Minister adds doubts about wharf fire

By Lanuola Tusani Tupufia ,

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Papalii Niko Lee Hang

Papalii Niko Lee Hang

Answers about wharf security, safety procedures and simple common sense are at the heart of information being sought by the new Minister of Works, Infrastructure and Transport.

Any work that involves fire around one of the biggest fuel tanks at the Matautu wharf is a time bomb waiting to explode is the view of Minister Papali’i Niko Lee Hang who added his concerns over the storage tank fuel that exploded last week. 

The Prime Minister, Tuilaepa Sailele Malielegaoi had also pointedly raised questions about the qualifications of those employed by Petroleum Products Supplies (P.P.S.).  

A 31 year old employee of P.P.S. died as a result of the tank explosion. 

During an interview with the Samoa Observer, the Minister who is also responsible for the Matautu wharf said he does not understand the logic of work involving fire and a fuel tank. 

“I don’t understand why there was welding work at the tanks when there was fuel in them,” Papali'i said. 

“I mean, at the petrol station you can’t use your cell phone and you can’t smoke but these things are minor. 

“But they weld the tank with fuel in it … it’s just ridiculous and doing it on top of a fuel tank it’s a time bomb, it can explode anytime.”

While the Minister is still puzzled about the maintenance work, he said there is negligence the part of the Samoa Ports Authority who are responsible for those who come in and out at the wharf.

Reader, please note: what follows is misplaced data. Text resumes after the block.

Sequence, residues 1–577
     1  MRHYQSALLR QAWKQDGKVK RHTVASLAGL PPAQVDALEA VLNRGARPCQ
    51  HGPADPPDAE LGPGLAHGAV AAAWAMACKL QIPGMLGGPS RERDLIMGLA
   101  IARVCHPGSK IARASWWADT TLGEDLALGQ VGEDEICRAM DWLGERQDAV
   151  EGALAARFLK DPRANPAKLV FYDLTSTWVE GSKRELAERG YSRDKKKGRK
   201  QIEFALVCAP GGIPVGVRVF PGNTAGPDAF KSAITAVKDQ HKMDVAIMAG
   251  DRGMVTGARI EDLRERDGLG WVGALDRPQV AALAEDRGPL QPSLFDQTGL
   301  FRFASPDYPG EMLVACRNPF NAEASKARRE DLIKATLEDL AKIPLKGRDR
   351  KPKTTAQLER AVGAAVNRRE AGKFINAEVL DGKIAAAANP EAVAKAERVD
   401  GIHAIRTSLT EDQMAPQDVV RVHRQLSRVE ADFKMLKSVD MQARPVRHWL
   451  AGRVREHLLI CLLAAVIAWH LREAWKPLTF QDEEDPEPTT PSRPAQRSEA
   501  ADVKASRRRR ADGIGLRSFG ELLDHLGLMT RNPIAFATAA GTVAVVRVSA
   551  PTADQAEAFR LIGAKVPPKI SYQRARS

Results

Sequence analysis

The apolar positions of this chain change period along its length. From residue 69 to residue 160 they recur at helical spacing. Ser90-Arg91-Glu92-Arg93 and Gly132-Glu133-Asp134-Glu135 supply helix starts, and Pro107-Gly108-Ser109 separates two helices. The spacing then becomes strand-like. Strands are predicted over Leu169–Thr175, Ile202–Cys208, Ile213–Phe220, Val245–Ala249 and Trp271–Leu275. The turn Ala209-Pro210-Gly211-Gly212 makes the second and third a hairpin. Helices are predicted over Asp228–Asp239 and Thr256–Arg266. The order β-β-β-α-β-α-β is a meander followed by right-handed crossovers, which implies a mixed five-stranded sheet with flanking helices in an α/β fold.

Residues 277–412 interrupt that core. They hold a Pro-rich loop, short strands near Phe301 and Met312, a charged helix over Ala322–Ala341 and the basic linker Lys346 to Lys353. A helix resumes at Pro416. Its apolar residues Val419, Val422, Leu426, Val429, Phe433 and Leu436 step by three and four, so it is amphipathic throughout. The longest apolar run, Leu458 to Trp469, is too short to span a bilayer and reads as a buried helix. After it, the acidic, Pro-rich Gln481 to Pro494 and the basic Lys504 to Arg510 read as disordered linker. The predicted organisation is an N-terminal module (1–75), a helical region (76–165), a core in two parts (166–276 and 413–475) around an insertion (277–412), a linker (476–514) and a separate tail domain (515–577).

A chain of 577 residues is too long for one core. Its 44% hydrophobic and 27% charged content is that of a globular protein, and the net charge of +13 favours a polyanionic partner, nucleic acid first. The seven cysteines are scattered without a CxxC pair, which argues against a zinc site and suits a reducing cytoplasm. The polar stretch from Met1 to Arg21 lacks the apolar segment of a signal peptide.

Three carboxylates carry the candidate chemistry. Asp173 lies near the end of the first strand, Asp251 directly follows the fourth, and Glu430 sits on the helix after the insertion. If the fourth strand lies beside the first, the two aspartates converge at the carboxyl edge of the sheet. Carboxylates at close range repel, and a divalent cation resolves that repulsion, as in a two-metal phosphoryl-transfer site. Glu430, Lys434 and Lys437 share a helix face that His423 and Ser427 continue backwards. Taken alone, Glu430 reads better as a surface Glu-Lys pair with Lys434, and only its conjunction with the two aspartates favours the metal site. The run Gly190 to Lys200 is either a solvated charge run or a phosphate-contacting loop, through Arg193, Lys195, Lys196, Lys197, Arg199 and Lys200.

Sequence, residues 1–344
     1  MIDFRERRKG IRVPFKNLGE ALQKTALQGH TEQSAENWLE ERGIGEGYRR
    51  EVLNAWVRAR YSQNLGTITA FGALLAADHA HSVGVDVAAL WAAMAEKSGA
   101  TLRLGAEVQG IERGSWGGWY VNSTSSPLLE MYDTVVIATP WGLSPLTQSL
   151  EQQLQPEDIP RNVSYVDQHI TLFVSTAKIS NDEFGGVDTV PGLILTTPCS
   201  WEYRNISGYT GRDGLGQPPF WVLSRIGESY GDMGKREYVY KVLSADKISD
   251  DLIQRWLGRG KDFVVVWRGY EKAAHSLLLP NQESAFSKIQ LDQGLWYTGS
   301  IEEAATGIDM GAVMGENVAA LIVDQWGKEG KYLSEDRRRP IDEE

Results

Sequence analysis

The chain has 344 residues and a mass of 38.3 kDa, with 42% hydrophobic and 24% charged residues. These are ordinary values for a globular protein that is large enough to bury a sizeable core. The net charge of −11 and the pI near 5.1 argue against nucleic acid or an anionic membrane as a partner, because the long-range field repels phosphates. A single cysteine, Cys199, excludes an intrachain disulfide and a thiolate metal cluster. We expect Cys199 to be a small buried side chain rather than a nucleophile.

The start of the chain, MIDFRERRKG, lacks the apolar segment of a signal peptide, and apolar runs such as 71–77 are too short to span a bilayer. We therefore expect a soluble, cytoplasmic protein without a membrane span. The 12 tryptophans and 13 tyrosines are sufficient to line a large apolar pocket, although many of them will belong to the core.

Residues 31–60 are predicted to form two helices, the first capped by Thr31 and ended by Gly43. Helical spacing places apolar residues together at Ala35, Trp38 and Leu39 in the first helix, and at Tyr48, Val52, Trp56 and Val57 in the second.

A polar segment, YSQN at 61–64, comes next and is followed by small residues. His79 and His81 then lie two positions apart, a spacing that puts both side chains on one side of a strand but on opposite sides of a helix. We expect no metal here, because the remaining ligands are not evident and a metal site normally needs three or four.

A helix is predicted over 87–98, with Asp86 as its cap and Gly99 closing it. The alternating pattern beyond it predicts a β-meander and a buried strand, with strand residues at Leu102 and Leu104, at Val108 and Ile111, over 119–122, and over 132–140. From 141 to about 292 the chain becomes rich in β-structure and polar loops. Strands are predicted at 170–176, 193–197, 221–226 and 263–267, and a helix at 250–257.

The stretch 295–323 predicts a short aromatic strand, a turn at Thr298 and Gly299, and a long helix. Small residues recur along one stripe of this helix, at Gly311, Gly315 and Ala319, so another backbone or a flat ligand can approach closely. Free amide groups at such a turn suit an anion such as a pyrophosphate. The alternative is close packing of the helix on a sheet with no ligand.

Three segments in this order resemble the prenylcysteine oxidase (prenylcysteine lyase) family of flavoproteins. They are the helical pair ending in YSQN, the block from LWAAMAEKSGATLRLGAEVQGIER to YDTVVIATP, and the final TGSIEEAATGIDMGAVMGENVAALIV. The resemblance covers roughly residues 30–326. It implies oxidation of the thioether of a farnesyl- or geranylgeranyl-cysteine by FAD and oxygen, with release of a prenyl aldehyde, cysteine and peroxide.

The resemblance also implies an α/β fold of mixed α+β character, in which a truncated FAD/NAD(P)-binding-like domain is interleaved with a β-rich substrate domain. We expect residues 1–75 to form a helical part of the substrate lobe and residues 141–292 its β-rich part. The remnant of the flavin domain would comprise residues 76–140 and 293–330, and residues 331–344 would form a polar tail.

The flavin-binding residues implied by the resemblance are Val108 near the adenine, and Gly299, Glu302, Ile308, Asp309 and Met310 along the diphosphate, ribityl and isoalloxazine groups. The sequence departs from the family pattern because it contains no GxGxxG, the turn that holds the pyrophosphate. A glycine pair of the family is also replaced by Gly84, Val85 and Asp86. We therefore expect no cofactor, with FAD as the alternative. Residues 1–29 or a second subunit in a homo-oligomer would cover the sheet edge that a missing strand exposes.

“I don’t think there was any security at the time (to ask) who these people are and what kind of work they would be doing at the wharf,” said Papali’i. 

“They should have known that no work should be done when there is fuel in the tank. I was shocked when I heard a loud bang it was like an earthquake. Then I saw something blowing up in the air and the tank was on fire with smoke coming out of it.”

Speaking to the media on Thursday, Prime Minister Tuilaepa Sailele Malielegaoi also questioned whether the P.P.S. employees were qualified to do such work at the tanks. 

“There should be someone who is trained in this kind of work,” said Tuilaepa. 

“That is the unknown mystery. Is the worker who did the welding qualified because that kind of work requires trained people who understand how to do this kind of work and we don’t know about the workers who did it.”

According to P.P.S. Managing Director, Fanene Samau Etuale Sefo, the work at the tanks was legal and there was a permit for it. 

Police and expertise from Australia are conducting an investigation into the oil tanks and the fire on Monday. 

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